Harrah's Cherokee Casino Hopes to Debut Live Table Games on July 4 Holiday

ICTMN Staff
6/19/12

Gov. Beverly Perdue signed a bill on June 13, following the North Carolina Senate's approval that morning, allowing the Eastern Band of the Cherokee Indians to offer live poker and other live table games at Harrah’s Cherokee Casino in Jackson County, reported the Examiner. Until now, the casino could only feature electronic table games.

The victory is a "milestone" for the Eastern Band of the Cherokee Nation Principal Chief Michell Hicks, who has spent more than two terms in office, or nine years, pushing for state lawmakers to support a bill that would authorize live card games at the tribal casino.

The tribe hopes to make table games available to the public by the July 4th holiday.

With the addition, the tribe will increase its staff of 2,000 by an estimated 400 employees, Erik Sneed, the casino’s project manager for the new construction, told Convention South magazine. The casino will also pay the state a portion of revenues from the table games, which will go directly toward improving education. The tribe projects an estimated $60 million to $90 million will benefit North Carolina public schools over the course of the 30-year agreement. For the first five years, North Carolina will receive four percent of the gross receipts from the live table games. That share will gradually rise to eight percent in the following ten years. It should remain at eight percent for the remainder of the deal.

Also underway at Harrah's in western North Carolina: The tribe has hired the creative architects behind the famous Bellagio in Las Vegas to remodel the mountain resort's entrance. It will soon feature eight towering, "five-story tree" columns made of colored glass, lit from the inside to imbue a forest canopy. The "trees" will encircle a 75-foot-tall waterfall that will cascade behind a small stage. A six-feet-tall, 140-foot-long high-definition television will curve around the space, adding dramatic visual, sound and light elements to the scene with original Cherokee story lines. Numerous retail shops will open over the course of the year, including a fly fishing store that will offer educational programs. The entrance is currently under construction with an expected completion date of late summer.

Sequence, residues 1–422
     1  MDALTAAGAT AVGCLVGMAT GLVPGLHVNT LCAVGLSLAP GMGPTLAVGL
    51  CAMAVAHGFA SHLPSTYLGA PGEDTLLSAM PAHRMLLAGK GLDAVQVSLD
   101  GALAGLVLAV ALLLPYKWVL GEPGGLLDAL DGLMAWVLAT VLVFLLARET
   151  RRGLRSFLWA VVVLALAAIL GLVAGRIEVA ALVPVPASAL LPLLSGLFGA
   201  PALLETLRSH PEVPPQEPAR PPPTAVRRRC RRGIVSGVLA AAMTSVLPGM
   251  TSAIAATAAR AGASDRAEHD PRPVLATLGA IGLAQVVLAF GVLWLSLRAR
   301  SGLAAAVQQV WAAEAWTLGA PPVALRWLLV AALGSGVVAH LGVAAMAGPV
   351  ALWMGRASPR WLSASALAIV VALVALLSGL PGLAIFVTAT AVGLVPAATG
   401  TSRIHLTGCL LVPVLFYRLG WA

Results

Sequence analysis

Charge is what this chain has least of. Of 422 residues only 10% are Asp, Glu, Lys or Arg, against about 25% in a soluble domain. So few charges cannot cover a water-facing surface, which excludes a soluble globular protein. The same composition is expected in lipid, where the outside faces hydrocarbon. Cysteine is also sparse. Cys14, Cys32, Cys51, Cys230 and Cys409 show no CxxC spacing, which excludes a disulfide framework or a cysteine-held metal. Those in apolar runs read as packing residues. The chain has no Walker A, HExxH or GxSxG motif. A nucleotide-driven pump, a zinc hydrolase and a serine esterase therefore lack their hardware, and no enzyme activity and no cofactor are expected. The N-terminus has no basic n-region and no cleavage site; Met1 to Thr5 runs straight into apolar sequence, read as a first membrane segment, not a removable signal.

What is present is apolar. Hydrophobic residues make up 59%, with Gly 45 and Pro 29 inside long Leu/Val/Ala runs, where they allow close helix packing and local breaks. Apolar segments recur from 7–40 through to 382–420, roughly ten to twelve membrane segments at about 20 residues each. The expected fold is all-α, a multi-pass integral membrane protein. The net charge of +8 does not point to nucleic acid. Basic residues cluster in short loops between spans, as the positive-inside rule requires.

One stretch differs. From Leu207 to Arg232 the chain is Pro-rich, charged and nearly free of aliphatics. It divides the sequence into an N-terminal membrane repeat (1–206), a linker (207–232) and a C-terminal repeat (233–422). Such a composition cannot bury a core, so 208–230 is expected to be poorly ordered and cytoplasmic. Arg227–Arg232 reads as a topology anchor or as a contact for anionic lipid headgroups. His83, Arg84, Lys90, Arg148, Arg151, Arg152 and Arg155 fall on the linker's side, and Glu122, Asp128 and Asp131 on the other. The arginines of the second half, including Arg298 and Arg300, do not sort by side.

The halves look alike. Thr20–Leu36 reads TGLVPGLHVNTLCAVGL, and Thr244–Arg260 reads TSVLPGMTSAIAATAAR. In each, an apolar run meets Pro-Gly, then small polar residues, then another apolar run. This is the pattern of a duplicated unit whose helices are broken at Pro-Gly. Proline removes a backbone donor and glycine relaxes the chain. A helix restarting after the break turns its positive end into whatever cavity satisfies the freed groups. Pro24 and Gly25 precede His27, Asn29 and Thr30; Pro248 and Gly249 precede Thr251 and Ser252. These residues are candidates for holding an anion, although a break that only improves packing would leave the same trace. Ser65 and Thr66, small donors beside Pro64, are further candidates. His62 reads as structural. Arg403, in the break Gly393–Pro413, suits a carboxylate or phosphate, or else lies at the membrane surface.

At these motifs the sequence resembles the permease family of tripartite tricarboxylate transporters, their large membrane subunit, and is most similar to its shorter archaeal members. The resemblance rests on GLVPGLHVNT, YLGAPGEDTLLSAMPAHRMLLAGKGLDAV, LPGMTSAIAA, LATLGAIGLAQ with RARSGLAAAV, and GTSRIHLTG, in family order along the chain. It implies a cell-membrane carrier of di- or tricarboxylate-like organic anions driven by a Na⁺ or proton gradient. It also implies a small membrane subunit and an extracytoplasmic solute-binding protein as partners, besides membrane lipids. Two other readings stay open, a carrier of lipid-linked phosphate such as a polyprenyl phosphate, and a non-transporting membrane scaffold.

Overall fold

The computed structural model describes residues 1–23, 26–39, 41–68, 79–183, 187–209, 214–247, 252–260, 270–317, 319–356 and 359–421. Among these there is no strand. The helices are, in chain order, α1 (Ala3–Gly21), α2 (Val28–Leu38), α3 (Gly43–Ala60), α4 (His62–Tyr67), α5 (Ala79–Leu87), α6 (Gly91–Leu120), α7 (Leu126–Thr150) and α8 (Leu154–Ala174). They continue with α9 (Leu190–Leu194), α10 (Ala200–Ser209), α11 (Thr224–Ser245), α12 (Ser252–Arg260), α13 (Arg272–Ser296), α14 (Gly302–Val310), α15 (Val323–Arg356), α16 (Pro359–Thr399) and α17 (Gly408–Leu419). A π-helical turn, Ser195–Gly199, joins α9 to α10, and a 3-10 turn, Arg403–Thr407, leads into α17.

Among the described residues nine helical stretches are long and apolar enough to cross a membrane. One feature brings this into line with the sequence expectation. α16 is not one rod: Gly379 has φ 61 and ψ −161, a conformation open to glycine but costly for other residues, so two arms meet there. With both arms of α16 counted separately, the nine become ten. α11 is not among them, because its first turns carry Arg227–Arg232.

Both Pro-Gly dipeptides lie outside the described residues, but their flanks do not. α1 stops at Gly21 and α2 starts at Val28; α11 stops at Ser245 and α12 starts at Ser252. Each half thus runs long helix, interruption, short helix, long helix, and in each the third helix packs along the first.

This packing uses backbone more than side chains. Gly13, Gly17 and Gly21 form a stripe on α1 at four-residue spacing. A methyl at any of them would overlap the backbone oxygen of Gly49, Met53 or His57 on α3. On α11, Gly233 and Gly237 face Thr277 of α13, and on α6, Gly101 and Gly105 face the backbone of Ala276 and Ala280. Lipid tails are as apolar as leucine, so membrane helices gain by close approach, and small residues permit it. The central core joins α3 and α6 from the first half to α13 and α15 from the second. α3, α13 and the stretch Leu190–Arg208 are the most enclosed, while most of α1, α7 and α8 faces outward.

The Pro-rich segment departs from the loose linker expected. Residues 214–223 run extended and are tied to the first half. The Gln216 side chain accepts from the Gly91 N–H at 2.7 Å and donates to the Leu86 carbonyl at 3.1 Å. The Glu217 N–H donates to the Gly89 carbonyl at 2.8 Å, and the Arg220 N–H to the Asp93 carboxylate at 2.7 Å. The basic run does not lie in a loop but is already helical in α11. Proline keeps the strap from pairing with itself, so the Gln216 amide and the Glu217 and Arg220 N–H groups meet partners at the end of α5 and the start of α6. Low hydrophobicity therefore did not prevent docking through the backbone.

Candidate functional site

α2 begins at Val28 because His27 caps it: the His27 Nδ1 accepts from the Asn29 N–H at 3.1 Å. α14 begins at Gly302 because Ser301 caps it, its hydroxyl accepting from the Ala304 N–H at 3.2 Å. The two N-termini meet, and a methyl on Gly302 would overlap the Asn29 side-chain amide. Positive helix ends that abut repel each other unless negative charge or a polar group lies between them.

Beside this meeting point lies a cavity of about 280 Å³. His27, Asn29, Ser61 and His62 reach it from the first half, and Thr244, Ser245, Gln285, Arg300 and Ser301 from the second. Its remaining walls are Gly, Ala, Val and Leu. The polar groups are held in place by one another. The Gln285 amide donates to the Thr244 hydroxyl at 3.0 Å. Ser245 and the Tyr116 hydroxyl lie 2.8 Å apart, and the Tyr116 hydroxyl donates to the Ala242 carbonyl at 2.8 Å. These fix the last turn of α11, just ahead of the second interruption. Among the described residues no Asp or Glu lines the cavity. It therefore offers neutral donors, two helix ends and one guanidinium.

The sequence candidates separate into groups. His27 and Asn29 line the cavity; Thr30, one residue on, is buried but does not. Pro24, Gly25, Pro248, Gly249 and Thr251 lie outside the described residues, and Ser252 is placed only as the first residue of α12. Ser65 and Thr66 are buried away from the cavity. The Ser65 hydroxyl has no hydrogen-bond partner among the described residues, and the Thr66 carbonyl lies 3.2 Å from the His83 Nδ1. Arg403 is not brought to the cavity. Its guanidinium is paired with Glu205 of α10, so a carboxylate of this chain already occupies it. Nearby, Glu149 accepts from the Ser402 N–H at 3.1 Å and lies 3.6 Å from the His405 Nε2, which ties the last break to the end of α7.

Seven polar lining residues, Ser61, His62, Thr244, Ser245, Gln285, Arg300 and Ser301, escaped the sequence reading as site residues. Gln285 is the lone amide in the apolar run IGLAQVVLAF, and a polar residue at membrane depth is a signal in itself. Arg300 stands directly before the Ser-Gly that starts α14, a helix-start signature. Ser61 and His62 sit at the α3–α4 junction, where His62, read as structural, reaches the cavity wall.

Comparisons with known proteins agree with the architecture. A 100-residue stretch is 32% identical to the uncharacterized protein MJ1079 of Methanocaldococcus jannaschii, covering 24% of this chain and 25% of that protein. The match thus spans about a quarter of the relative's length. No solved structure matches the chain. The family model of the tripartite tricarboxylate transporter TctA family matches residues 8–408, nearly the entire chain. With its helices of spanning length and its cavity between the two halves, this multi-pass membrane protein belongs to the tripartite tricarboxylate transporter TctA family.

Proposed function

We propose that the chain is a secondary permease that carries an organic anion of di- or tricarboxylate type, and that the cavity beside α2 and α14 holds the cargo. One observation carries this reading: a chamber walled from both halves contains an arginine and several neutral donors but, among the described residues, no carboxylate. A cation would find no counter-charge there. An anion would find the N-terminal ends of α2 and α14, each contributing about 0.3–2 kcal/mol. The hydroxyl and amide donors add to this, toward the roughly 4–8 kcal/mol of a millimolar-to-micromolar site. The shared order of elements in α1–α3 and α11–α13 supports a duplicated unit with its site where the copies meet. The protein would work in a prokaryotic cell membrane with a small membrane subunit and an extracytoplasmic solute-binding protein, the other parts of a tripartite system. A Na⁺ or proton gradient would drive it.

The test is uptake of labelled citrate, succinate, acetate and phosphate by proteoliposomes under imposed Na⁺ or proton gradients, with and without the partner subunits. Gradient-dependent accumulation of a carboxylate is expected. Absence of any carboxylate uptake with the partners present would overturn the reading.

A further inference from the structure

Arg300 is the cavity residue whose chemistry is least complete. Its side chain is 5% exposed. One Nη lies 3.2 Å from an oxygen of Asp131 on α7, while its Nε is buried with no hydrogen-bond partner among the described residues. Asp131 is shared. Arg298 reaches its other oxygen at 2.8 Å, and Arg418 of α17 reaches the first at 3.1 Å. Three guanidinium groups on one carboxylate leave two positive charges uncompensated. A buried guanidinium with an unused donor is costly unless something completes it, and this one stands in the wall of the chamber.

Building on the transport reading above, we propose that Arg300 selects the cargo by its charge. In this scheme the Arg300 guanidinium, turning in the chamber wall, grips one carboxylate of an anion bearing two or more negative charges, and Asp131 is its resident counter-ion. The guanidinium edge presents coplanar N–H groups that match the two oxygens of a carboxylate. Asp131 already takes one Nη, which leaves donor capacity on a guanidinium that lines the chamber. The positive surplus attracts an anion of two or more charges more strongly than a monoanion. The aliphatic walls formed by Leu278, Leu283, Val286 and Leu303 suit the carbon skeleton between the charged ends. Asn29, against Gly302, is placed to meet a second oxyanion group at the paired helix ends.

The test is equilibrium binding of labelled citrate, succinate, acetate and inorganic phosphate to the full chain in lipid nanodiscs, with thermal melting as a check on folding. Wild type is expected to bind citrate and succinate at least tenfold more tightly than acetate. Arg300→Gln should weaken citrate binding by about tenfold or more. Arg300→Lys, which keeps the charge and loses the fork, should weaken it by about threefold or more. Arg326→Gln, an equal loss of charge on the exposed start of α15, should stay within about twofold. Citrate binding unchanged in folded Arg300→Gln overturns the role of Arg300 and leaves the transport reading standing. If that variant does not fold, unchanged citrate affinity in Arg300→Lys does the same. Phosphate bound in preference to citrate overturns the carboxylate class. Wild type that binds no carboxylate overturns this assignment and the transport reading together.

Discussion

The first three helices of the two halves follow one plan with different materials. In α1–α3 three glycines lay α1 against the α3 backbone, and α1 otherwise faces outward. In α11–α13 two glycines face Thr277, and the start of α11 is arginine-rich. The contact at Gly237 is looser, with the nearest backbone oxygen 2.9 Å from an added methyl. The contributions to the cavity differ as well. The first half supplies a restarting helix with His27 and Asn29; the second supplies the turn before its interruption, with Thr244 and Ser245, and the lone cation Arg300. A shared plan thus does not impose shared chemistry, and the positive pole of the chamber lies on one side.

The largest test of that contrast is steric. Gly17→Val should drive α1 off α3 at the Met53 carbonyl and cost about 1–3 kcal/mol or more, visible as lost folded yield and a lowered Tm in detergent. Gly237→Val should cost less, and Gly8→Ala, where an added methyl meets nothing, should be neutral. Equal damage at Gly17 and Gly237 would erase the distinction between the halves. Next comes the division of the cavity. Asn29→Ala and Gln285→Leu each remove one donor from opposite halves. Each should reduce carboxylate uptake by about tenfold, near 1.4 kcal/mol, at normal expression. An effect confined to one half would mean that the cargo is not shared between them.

"The rotunda will be our showcase," Brooks Robinson, the casino's general manager, told the Convention South. "The experience when you enter our casino in the future will be as good as it gets across the country. We've designed it to be phenomenal, but also in such a way as to be able to personalize it and focus it on a visiting convention group, say, or a specific showcase event."

The debut of live table games and recent and upcoming expansions mark the casino’s evolution into full-fledged resort. The casino is planning on visitation growing by 25 percent, spokeswoman Aniwake Littledeer told the Asheville Citizen. They also expect to attract more upscale customers with disposable income.

In May 2011, the tribe completed the first phase of its five-year, $650 million expansion and renovation project, which started in January 2007 and included a 3,000-plus seat event center, the 21-story Creek Tower, a 1,132-space parking deck, and additional casino floor space. Even more amenities—such as an 18,000-square foot Mandara Spa, as well as Ruth's Chris Steakhouse and Brio, a Tuscan grill—are set to open by the casino's 15th anniversary on November 13. Then, the property will officially earn resort status, becoming Harrah's Cherokee Casino Resort, reported Convention South.

On May 20, 2011, the tribe and Caesars Entertainment, Inc. renewed their contract for an additional seven years. The agreement provides Harrah’s North Carolina Casino Company, LLC, a subsidiary of Caesars Entertainment, the exclusive right and obligation to develop, manage, operate and maintain the casino operation. The tribe and Caesars first inked an agreement in June 1996.

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